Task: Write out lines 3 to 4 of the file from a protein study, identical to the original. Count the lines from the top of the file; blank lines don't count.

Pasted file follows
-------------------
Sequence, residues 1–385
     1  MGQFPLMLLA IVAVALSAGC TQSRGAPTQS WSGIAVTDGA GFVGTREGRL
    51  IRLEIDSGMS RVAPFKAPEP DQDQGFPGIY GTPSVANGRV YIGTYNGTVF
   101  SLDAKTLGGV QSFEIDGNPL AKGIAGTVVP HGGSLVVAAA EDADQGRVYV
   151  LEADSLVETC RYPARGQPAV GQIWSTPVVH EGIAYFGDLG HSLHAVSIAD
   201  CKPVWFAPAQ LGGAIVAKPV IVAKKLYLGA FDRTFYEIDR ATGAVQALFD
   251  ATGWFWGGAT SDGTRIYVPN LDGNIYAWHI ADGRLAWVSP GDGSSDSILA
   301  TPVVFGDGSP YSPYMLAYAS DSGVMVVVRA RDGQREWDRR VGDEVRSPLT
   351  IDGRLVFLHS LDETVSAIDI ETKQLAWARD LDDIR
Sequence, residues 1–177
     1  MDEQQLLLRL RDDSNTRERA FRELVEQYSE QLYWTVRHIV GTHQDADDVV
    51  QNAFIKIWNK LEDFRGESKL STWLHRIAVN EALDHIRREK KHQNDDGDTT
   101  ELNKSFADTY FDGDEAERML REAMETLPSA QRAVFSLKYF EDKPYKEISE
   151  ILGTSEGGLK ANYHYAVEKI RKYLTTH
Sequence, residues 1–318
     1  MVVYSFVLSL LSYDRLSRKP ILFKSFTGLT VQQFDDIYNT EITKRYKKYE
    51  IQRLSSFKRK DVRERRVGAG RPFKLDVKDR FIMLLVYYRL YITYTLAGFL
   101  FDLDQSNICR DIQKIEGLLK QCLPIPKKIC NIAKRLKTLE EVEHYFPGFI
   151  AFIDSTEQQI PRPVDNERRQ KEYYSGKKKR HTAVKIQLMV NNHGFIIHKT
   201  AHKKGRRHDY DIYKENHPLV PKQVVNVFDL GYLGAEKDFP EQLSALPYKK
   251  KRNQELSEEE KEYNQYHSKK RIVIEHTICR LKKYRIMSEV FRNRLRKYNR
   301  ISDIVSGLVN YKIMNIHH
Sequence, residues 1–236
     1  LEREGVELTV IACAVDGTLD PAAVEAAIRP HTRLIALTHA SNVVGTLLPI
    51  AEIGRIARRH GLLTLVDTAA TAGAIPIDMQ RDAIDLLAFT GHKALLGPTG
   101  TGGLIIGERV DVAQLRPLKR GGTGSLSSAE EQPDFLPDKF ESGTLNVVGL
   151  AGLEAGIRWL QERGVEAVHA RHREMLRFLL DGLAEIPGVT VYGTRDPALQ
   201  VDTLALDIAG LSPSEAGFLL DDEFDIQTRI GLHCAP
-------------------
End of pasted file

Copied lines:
    51  IRLEIDSGMS RVAPFKAPEP DQDQGFPGIY GTPSVANGRV YIGTYNGTVF
   101  SLDAKTLGGV QSFEIDGNPL AKGIAGTVVP HGGSLVVAAA EDADQGRVYV